Purpose: This study reports the results of a registry data collection project within a secondary care spinal osteopathy service.
Methods: Clinical and demographic data were collected using the Spine Tango Conservative registry data collection tool. Outcomes were assessed using the Numerical Pain Rating Scale (NPRS), Oswestry Disability Index (ODI), Neck Disability Index (NDI), COMI Low Back Conservative (COMI-LBC), COMI Neck Conservative (COMI-NC) and EQ5D. Global treatment outcome (GTO), satisfaction with care and therapeutic complications were reported using the Spine Tango Patient Self Assessment form (STPSA). The correlation of GTO and PROM change scores was analysed using Spearman's rank correlation coefficient.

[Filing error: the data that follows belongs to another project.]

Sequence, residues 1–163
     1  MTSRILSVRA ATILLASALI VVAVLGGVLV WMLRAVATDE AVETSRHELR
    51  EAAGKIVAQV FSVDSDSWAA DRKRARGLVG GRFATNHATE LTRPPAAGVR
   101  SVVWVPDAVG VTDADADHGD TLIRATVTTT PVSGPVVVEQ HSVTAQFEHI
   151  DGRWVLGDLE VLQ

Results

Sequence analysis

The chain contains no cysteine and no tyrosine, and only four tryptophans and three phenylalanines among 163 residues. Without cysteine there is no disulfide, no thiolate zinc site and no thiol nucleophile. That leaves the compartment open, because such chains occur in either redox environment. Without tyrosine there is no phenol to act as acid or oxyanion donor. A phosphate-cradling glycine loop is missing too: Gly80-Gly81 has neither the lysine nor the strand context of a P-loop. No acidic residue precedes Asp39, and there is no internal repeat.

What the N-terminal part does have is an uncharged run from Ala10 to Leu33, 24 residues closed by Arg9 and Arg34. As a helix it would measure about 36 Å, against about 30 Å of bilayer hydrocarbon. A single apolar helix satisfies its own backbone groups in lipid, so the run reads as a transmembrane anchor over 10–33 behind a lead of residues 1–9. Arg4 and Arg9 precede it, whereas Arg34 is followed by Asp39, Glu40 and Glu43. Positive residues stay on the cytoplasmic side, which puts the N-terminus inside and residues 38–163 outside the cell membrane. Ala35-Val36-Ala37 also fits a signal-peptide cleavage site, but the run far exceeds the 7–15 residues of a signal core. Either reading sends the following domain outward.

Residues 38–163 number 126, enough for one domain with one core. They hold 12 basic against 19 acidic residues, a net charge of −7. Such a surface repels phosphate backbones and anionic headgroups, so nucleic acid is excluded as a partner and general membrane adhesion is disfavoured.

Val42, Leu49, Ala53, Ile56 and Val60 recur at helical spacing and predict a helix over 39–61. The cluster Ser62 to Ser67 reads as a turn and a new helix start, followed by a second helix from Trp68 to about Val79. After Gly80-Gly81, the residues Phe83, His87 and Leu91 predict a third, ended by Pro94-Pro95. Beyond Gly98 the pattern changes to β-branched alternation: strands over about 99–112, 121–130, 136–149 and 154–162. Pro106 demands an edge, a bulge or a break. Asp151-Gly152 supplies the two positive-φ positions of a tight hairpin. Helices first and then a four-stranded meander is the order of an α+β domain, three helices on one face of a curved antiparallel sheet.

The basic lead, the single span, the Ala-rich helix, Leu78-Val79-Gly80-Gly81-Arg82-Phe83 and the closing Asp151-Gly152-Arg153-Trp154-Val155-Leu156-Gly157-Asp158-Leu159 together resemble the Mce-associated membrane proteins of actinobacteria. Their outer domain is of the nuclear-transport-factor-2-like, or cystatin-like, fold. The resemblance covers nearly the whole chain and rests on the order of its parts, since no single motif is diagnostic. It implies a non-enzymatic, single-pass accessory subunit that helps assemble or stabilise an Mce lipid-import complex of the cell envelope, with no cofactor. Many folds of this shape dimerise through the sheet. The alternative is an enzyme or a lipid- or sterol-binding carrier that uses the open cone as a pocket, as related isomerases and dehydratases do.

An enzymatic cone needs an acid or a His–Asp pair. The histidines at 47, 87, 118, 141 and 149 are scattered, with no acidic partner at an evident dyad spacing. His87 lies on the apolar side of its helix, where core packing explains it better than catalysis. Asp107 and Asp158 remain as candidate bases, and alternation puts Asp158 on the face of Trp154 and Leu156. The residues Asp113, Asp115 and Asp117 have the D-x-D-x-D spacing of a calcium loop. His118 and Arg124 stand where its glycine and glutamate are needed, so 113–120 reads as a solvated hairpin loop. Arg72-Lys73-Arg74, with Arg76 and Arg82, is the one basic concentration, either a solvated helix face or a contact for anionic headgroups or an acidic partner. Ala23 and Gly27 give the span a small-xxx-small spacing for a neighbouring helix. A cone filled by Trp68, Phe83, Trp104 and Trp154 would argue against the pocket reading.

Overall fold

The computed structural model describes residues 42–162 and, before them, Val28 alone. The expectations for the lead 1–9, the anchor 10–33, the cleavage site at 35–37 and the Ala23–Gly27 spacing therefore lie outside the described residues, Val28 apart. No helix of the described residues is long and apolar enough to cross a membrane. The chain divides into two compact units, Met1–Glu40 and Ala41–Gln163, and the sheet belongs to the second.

Results: 262 patients presented during the study period. 100% of patients had chronic spinal pain and 98.8% had previously received other interventions for the same episode. Mean (standard deviation) improvements by PROM: NPRS low back 2.1 (2.5); NPRS neck 2.3 (2.3); COMI-LBC 2.1 (2.2); COMI-NC 2.0 (1.7); ODI 10.5 (12.1); NDI 14.5 (12.2); EQ5D 0.2 (0.3). 83.2% of patients reported that osteopathy had 'helped a lot' or 'helped'. 96.2% of patients were 'very satisfied' or 'satisfied' with care. There were no serious therapeutic complications.
Conclusions: The secondary care spinal osteopathy service demonstrated high satisfaction, few therapeutic complications and positive outcomes on all PROMs. Registry participation has facilitated robust clinical governance and the data support the use of osteopaths to deliver a conservative spinal service in this setting. Registry data collection is a significant administrative and clinical task which should be structured to minimise burden on patients and resources. These slides can be retrieved under Electronic Supplementary Material.
Keywords: Clinical governance; Data collection; Osteopathy; Patient outcome assessment; Registries.